Introduced in a limited rollout during the 2015-16 school year, an internationally acclaimed intervention program for rescuing low-performing first-grade readers from what could lead to a lifetime of failure is about to go big.

Renowned for offering daily, half-hour, four-day-a-week, one-on-one sessions between teachers and students, a celebrated formula called Reading Recovery draws on 30 years and a database of 2.2 million students to support its methods. Seventy-two percent of the children who complete the course, which runs anywhere from 12 to 20 weeks, are able to successfully “discontinue” the program. That means that kids once considered candidates for special education will likely never need remedial reading again.

Last year, 61 qualifying students from Tuttle, Cranberry, and Atwater elementaries, all low-income Title 1 schools, cycled through the system. Eighty-seven percent of the local students who finished Reading Recovery last year discontinued.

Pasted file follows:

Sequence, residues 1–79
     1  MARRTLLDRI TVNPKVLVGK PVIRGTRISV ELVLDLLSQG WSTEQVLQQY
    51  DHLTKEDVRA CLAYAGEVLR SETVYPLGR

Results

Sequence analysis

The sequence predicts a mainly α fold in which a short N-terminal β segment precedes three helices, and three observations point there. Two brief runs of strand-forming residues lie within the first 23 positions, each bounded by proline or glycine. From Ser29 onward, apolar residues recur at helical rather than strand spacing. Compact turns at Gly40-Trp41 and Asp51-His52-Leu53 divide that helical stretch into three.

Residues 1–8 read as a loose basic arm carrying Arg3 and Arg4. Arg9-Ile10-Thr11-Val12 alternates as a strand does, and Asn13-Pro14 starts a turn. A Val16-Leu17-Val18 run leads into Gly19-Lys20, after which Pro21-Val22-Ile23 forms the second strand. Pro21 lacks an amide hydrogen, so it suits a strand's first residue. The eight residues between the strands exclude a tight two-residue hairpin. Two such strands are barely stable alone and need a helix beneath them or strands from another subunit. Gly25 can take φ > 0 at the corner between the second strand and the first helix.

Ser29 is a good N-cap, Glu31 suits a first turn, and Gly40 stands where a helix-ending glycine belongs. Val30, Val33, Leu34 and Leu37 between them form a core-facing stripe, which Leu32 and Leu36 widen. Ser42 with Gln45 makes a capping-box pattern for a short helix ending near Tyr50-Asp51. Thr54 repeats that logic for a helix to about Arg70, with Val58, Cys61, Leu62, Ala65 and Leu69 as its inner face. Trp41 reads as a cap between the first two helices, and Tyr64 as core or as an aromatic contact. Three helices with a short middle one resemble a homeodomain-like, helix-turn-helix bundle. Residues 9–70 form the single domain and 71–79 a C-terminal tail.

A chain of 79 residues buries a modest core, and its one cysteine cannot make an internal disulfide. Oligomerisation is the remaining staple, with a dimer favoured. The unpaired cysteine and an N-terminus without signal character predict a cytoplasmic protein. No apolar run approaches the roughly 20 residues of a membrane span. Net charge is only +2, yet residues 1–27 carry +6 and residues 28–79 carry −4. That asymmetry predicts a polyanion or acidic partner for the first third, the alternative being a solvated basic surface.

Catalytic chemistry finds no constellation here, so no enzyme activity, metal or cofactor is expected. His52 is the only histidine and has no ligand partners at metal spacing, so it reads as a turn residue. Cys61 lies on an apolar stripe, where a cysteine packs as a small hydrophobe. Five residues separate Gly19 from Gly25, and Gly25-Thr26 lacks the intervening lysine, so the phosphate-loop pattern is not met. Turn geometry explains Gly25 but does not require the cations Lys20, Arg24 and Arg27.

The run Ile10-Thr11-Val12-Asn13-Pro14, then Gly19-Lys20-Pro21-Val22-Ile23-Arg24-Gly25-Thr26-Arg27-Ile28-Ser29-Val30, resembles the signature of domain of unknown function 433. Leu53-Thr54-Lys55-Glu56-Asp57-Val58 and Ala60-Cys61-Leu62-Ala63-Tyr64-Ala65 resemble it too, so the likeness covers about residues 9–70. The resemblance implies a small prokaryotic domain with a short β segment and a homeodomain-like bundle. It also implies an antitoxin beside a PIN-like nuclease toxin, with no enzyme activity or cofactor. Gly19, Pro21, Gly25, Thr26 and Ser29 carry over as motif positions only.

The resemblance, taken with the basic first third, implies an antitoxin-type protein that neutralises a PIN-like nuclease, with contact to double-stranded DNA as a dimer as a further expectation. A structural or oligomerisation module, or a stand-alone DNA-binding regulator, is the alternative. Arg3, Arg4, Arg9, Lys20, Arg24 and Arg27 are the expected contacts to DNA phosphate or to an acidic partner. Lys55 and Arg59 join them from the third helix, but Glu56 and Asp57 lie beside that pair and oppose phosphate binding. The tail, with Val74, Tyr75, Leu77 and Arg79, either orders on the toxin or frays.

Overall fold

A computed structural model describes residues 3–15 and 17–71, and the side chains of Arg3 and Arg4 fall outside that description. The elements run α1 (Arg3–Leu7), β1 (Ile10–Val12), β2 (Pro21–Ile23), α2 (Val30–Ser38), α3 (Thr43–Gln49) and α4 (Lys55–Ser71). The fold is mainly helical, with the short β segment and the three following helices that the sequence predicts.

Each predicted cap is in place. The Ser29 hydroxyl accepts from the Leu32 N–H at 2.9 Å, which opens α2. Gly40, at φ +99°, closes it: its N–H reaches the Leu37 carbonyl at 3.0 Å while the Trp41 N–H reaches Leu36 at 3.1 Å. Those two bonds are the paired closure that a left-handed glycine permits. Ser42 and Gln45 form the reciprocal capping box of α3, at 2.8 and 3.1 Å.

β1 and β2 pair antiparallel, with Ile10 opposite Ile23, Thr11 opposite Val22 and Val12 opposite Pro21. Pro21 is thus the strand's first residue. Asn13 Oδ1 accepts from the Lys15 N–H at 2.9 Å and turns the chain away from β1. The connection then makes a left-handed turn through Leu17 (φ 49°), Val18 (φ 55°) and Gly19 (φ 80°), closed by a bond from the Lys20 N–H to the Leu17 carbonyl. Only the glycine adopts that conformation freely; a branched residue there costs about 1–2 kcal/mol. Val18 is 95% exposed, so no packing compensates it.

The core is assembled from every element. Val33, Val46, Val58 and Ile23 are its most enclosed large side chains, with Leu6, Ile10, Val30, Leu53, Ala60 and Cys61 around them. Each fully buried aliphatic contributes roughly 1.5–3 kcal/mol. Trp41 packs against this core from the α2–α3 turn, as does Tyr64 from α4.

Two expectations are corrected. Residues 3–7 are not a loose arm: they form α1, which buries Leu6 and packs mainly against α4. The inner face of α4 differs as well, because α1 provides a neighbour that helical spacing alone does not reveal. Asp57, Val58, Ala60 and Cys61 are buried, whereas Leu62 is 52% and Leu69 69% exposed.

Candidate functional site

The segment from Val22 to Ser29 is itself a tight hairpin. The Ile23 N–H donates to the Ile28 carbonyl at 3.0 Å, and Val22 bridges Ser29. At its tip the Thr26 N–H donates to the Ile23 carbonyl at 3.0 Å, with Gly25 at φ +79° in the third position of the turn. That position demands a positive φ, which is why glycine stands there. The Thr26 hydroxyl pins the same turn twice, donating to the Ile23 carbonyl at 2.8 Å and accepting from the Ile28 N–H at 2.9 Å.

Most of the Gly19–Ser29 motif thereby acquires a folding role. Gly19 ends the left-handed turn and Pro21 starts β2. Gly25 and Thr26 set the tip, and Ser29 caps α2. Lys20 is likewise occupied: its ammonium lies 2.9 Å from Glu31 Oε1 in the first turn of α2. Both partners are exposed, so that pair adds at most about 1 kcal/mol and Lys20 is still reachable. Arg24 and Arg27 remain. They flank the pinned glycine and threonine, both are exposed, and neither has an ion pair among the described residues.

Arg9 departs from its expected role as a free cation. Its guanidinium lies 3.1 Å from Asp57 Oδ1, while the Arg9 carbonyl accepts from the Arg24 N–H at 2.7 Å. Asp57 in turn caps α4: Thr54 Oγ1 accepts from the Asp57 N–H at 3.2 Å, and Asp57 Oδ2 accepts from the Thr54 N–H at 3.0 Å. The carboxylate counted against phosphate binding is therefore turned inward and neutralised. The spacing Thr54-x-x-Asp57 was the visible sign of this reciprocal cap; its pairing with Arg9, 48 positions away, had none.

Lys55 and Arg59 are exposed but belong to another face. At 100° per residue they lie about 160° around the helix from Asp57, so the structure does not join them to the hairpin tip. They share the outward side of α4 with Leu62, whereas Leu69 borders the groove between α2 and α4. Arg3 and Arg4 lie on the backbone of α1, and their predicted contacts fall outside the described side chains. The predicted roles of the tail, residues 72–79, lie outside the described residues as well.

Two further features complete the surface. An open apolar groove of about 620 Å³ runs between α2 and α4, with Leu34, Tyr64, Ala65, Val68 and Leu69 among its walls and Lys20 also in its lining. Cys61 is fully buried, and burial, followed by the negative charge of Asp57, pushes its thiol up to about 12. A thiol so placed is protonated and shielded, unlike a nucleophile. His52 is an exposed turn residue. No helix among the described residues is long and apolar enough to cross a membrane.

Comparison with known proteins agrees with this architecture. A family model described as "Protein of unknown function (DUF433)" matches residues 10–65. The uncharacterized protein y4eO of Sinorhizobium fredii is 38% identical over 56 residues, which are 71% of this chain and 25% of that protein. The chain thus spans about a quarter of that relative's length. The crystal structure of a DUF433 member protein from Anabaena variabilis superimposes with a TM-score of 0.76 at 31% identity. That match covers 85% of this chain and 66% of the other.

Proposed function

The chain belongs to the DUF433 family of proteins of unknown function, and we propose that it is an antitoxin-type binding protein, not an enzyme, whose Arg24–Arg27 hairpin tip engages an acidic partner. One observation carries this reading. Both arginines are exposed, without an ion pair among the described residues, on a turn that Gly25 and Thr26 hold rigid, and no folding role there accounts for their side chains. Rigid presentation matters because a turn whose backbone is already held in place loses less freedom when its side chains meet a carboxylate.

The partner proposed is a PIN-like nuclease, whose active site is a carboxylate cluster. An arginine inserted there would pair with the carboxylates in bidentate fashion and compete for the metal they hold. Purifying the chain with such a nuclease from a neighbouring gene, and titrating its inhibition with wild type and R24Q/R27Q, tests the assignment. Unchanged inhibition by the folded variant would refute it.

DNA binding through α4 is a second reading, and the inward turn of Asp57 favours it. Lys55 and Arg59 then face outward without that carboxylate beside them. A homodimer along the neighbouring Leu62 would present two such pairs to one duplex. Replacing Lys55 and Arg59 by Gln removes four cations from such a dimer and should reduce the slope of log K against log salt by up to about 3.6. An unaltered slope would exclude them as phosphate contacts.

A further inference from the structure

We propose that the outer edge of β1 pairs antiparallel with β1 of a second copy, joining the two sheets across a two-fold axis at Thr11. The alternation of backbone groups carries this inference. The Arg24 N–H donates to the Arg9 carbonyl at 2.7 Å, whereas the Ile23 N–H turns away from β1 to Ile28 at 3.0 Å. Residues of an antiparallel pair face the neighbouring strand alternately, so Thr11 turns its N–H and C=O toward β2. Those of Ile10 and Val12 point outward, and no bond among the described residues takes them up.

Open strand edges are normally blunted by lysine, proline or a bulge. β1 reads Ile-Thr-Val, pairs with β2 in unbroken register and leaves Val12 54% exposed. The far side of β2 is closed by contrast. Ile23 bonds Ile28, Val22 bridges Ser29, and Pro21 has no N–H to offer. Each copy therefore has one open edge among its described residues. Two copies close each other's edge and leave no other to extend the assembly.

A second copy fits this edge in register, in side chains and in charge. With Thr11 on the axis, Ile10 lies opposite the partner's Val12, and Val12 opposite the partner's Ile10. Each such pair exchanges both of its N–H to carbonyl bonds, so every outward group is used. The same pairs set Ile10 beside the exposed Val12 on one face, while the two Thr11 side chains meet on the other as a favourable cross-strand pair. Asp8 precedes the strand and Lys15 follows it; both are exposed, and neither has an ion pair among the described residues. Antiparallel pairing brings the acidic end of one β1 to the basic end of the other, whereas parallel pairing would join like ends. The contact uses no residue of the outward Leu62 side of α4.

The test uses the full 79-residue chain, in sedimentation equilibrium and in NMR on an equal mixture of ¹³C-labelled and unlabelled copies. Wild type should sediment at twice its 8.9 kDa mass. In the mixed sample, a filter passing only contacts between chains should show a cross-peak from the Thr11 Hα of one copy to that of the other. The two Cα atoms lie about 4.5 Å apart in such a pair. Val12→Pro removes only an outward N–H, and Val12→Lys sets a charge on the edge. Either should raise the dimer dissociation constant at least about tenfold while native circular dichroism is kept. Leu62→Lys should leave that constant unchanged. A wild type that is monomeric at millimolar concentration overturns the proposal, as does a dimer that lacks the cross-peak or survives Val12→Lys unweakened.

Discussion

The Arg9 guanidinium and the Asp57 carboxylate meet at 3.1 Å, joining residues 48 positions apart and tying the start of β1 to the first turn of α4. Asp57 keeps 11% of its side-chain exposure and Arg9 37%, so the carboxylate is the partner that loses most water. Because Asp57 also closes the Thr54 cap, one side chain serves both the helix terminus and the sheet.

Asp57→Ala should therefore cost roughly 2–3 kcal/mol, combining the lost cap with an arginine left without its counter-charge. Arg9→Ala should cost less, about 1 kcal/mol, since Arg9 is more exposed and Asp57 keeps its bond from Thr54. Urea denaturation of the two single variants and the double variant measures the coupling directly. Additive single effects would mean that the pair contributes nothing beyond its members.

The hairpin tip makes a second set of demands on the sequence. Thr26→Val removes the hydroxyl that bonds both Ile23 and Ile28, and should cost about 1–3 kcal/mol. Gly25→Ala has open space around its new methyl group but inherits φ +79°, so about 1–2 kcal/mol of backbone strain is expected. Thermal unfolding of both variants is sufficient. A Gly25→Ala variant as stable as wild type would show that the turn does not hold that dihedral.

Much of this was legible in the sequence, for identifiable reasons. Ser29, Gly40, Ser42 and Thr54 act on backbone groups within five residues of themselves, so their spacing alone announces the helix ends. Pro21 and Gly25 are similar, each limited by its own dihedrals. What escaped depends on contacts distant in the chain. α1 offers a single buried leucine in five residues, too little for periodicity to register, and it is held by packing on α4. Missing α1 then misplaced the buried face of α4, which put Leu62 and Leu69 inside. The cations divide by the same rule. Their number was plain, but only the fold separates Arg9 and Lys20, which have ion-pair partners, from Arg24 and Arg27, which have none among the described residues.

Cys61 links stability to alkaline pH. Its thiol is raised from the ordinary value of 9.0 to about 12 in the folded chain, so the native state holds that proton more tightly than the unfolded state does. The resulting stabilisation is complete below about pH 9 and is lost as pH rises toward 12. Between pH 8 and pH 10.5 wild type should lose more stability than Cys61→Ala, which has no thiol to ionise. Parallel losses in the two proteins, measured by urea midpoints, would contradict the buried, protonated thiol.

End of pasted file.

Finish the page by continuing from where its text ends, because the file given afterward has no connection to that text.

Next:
Reading Recovery is so customized and expensive, it’s offered nowhere else in Florida. But on the strength of indispensable trailblazing public-private partnerships, Sarasota County is about to become the first and only district in the state to make Reading Recovery a remedial option for every floundering first-grader in public school. Or at least for those whose reading skills languish in the bottom 20 percentile.

Voice growing thin with emotion, Reading Recovery’s lead teacher for the Sarasota experiment expressed her gratitude to work in a district with well-heeled supporters willing to take a chance:

I believe every one of our children have the right to know they are capable of learning and capable of achieving. And I’m very thankful I get to be a part of that every day.”

Read the source article at Washington Times